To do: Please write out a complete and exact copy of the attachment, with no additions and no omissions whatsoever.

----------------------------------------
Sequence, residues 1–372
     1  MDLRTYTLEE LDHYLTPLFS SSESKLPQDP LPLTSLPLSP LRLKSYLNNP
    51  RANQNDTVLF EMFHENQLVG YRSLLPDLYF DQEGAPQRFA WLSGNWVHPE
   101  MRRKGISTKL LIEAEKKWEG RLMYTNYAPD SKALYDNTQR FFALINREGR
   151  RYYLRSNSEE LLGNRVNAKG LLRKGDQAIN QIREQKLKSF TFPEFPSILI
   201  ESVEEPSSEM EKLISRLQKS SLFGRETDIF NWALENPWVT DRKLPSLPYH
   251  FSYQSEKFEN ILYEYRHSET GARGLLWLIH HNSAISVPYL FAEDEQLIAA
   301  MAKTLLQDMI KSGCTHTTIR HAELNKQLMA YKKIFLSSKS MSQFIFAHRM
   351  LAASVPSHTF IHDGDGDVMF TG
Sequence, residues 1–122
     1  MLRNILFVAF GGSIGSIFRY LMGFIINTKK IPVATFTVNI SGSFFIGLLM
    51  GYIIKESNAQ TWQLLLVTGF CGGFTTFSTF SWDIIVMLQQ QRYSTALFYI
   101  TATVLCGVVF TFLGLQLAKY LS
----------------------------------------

Sequence, residues 1–372
     1  MDLRTYTLEE LDHYLTPLFS SSESKLPQDP LPLTSLPLSP LRLKSYLNNP
    51  RANQNDTVLF EMFHENQLVG YRSLLPDLYF DQEGAPQRFA WLSGNWVHPE
   101  MRRKGISTKL LIEAEKKWEG RLMYTNYAPD SKALYDNTQR FFALINREGR
   151  RYYLRSNSEE LLGNRVNAKG LLRKGDQAIN QIREQKLKSF TFPEFPSILI
   201  ESVEEPSSEM EKLISRLQKS SLFGRETDIF NWALENPWVT DRKLPSLPYH
   251  FSYQSEKFEN ILYEYRHSET GARGLLWLIH HNSAISVPYL FAEDEQLIAA
   301  MAKTLLQDMI KSGCTHTTIR HAELNKQLMA YKKIFLSSKS MSQFIFAHRM
   351  LAASVPSHTF IHDGDGDVMF TG
Sequence, residues 1–122
     1  MLRNILFVAF GGSIGSIFRY LMGFIINTKK IPVATFTVNI SGSFFIGLLM
    51  GYIIKESNAQ TWQLLLVTGF CGGFTTFSTF SWDIIVMLQQ QRYSTALFYI
   101  TATVLCGVVF TFLGLQLAKY LS